Before NFO, hydrocodone was the most common opioid at 31%, followed by morphine (20%) and oxycodone (18%). Following NFO, oxycodone was the most common opioid at 28%, followed by hydrocodone (26%) and morphine (17%). Methadone was dispensed to 4 veterans prior to NFO and 3 veterans following NFO. Buprenorphine/naloxone was not dispensed to any veterans prior to NFO and was dispensed to 1 veteran following NFO (Figure).

FIGURE

Opioids prescribed before and after the nonfatal opioid overdose at the Veterans Affairs hospital

FIGURE

Opioids prescribed before and after the nonfatal opioid overdose at the Veterans Affairs hospital

Close modal

Fourteen individuals (25% of the cohort) had subsequent opioid overdose events treated in the VA's ED. At the time of EMR review, 30 veterans (54%) were deceased, 1 (2%) from documented opioid overdose. The original NFO was deemed intentional in 6 (11%) veterans, all of whom received a subsequent opioid prescription. Only 1 veteran (2%) had “medication” overdose recorded on his problem list.

Fifty-six veterans who were treated for NFO at the VAMC in Salt Lake City were identified. Of these veterans, 82% continued to be prescribed opioids following NFO. This result is similar to represcribing patterns in non-veterans.7  Another study,20  in a population of Medicaid patients, found a slight decrease in filled opioid prescriptions following an opioid overdose, the use of opioid medications remained high. The majority of those with NFO who continued to receive opioids had a mental health disorder. These results are consistent with other studies6,7  that show veterans and non-veterans with mental health diagnoses are more likely to be prescribed opioids. Patients with mental health disorders should be considered a high-risk population in need of opioid overdose prevention strategies.

Less than half of the veterans in our study had any cancer diagnoses. Previous research21  found that patients prescribed opioids for non–cancer pain had higher rates of opioid use disorder than patients not prescribed opioids. The present study did not have any veterans with a diagnosis of opioid use disorder, contrary to previous findings. Appreciation of the characteristics of an opioid use disorder is not generally included within the training of most providers; therefore, accurate diagnosis or screening of an opioid use disorder may be lacking.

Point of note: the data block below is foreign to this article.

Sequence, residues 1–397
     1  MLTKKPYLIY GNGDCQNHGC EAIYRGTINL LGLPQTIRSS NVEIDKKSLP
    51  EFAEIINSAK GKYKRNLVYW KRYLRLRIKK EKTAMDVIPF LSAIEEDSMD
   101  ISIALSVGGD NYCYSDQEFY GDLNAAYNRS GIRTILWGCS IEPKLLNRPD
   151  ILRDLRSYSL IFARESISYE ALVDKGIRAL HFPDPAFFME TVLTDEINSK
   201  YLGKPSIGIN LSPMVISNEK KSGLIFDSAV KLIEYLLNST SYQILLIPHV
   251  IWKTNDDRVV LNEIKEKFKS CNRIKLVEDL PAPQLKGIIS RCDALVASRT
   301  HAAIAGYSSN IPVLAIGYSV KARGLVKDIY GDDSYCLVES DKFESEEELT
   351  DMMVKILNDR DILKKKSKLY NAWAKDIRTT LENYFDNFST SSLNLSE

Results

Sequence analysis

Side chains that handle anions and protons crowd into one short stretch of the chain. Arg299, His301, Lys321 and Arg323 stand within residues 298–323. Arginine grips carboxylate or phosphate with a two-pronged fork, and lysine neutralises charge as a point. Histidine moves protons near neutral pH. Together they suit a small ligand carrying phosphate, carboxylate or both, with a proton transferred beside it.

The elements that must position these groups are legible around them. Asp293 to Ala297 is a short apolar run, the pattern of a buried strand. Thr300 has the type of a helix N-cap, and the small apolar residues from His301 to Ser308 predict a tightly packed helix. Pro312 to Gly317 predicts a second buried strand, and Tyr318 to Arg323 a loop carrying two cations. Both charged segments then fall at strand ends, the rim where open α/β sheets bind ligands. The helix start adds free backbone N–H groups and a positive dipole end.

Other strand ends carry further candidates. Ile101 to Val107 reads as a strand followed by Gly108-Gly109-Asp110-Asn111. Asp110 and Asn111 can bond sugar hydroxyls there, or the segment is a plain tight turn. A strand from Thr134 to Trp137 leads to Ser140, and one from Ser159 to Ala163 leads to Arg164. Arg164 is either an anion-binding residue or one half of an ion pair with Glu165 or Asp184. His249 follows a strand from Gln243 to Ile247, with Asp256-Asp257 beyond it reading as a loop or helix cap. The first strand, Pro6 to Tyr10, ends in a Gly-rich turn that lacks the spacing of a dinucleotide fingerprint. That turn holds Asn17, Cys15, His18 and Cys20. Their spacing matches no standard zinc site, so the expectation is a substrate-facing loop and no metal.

The average opioid dose prescribed before and after NFO was ≥120 mg MED. The reasons for the high average MED prescribed were not explored. Opioid prescribing guidelines indicate doses ≥90 to 120 mg MED are considered high risk, and doses >100 mg MED have been associated with opioid-related toxicity and overdose.22,23 

Hydrocodone, oxycodone, and morphine were commonly involved in NFO and subsequent prescribing. The Centers for Disease Control and Prevention24  reports hydrocodone, oxycodone, and morphine as the opioids most commonly involved in prescription opioid overdose deaths. Buprenorphine/naloxone and methadone were both prescribed following NFO in this study. While the former is used for opiate agonist treatment at the VAMC, methadone was presumably prescribed for pain management as the facility does not have a methadone treatment program. Veterans at the VAMC who overdose may not have documented opioid use disorder.25 

Subsequent overdose occurred in 25% of veterans studied. This is 3 times higher than the rate of repeated overdoses described by Larochelle et al,7  but previous research7,8,10  clearly establishes that the risk of overdose is increased in individuals with a history of overdose.